The rules that will govern Maine’s new teacher evaluation system remain unclear, hung up in the Legislature in a political disagreement about the role of student achievement in the evaluation formula.

That puts school districts behind as they each prepare to test out pilot evaluation systems in the 2014-15 school year, for full implementation in 2015-16.

Fortunately, a number of districts are working under a federal grant that has allowed them to formulate and implement evaluations already. Those districts, which include Regional School Unit 12 in Somerville and Gardiner-based RSU 11, will be called upon to share their experiences, as the truncated timetable and challenges of implementation stress resources already drawn thin by tight budgets.

That ticking clock makes it imperative that legislators finalize the rules as soon as possible. And considering that these kind of evaluations are in their relative infancy, the rules should be kept flexible, so that districts are given the opportunity to test the formulas as they see fit.

Legislators also should consider how the districts will pay for the professional development that is needed once the evaluations are in place. Without funding for programs that allow teachers to improve, the evaluations themselves are meaningless.

Student progress

The teacher evaluation law passed in 2012 mandated that each school district put in place its own system for regular teacher reviews under basic statewide guidelines, but it left some of the details to the rule-making process.

The Department of Education worked with legislators and others, including the superintendent and teacher unions, to draft the rules. But when the rules were presented to the Legislature, lawmakers split along mostly partisan lines on one key issue — the use of student growth in measuring teacher effectiveness.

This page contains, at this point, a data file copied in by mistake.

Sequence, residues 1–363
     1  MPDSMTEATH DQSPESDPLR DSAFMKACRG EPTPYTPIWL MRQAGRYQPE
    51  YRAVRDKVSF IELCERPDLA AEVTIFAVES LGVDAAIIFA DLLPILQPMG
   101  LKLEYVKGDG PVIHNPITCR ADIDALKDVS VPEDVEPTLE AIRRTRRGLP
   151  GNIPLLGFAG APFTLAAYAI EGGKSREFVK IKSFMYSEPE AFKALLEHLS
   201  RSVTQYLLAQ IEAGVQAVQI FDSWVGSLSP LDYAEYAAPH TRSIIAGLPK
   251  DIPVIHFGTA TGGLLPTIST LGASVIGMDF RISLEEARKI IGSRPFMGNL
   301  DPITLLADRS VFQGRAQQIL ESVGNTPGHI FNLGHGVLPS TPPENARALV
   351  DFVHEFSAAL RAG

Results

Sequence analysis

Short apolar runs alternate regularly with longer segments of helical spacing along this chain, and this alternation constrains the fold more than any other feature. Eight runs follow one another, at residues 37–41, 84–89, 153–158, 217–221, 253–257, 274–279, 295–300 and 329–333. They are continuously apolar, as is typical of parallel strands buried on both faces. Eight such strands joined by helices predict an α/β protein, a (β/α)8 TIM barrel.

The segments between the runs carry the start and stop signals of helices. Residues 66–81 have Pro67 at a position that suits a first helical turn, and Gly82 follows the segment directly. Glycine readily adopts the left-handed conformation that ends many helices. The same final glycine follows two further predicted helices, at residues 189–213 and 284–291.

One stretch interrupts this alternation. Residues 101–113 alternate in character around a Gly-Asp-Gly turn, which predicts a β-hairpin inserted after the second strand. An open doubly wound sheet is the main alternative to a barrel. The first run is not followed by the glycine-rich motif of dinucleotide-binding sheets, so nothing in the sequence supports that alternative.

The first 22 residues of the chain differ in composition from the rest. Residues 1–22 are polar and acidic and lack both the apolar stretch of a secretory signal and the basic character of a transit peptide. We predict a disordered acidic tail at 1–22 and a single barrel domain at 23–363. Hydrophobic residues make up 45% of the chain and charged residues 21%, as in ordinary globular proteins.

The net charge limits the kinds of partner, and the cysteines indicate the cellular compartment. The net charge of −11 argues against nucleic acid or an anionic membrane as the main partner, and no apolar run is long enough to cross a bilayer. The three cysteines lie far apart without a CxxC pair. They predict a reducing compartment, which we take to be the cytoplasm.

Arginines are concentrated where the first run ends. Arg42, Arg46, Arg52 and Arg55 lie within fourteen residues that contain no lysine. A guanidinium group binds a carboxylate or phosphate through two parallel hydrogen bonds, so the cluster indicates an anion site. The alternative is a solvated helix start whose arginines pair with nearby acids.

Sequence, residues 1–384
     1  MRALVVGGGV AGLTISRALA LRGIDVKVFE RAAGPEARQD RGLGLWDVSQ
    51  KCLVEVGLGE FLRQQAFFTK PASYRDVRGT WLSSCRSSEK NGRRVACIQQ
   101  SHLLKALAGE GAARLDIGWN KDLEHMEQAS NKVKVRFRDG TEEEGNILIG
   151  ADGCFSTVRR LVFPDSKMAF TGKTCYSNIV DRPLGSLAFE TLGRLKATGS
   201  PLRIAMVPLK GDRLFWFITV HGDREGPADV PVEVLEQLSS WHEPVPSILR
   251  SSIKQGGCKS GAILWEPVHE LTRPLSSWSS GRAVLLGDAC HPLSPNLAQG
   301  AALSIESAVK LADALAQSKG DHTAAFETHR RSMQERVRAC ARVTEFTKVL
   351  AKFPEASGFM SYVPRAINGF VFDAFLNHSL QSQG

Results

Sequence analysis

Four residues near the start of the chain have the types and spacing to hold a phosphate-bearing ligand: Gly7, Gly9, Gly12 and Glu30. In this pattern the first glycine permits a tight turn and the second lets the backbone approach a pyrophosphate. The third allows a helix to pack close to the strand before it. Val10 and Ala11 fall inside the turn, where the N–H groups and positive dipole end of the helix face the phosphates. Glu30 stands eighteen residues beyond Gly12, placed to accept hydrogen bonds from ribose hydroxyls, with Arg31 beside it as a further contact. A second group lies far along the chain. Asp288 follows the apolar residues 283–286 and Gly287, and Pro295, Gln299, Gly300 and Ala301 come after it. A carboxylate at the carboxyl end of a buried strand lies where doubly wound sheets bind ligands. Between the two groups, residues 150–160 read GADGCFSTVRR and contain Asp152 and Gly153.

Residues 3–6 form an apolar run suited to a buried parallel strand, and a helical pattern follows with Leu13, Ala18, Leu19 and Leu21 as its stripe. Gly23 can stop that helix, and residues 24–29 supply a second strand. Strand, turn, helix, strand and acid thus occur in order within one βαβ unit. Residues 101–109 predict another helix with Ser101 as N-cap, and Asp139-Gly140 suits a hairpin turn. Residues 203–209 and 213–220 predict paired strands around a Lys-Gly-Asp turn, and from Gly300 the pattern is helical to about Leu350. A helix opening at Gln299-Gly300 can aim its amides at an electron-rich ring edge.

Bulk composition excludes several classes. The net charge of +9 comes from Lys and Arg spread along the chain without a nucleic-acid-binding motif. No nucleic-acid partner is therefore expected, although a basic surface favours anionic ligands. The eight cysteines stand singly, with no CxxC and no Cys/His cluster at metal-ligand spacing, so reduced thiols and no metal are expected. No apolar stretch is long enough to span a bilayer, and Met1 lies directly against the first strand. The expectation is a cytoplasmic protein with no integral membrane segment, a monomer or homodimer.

Republicans supported a recommendation by the department that at least 25 percent of the evaluation formula be hitched to growth in student achievement, including test scores. Democrats said that number should be no higher than 20 percent. Absent a consensus, the matter was held over to the next session.

The use of student growth in evaluations is a sticking point across the country. Teachers in many cases are wary of including measures such as test scores and graduation rates, which they argue are influenced largely by factors outside the classroom.

In Maine, school districts are testing out different formulas. RSU 12 has an 84-point evaluation, with 24 points — or 28.6 percent — coming from student progress. The formula RSU 11 is using this year takes 25 percent from student growth, with 60 percent from professional practice standards and 15 percent from the teacher’s personal growth.

The percentage breakdown can be misleading, however. What really matters are the factors included under each part of the formula. For the first year in RSU 12, for instance, each school decided for itself what would be included under student progress. One elementary school used daily attendance and physical fitness along with test scores and participation in a reading program.

The rules adopted by the Legislature should allow districts to set their formulas across a wide range of percentages, based on input from their own teachers and administrators. Not only will this ensure that the educators trust the system used in their district, but it also will serve as an experiment on best practices.

Catching up

The districts involved in the federal grant are, for the most part, well ahead of other schools. The grant mandated which set of professional teaching standards the districts put in place, and it provided funding for implementation and professional development.

Among the other districts, some have started formulating the less-controversial parts of their evaluation system. But in large part, they are waiting for the Legislature to act.

“We need guidance,” Donna Madore, assistant superintendent of Augusta schools, said Tuesday. “I’d hate to put something together and find out it doesn’t fit the letter of the law.”

Even after the rules are in place, districts may find it difficult to proceed without proper funding.

That’s where the experience from the federal grant program can be so useful. Schools throughout the state should use districts such as RSU 12 as a resource, to see how the evaluation system should be built and implemented.

“It would save them a tremendous amount of time in the beginning,” said Josh McNaughton, principal at Whitefield Elementary in RSU 12.

That input would help districts get the evaluations in place, leaving the professional development necessary to make the systems effective.

Here, the Legislature comes back in the picture. The Appropriations Committee earlier this year removed from the budget $5 million that was to be used for the teacher evaluation system.

That money has to come from somewhere, and it is unlikely most school districts can find it in their own budgets. Lawmakers should reconsider the funding, or the schools will be left without any way to make use of the evaluations.

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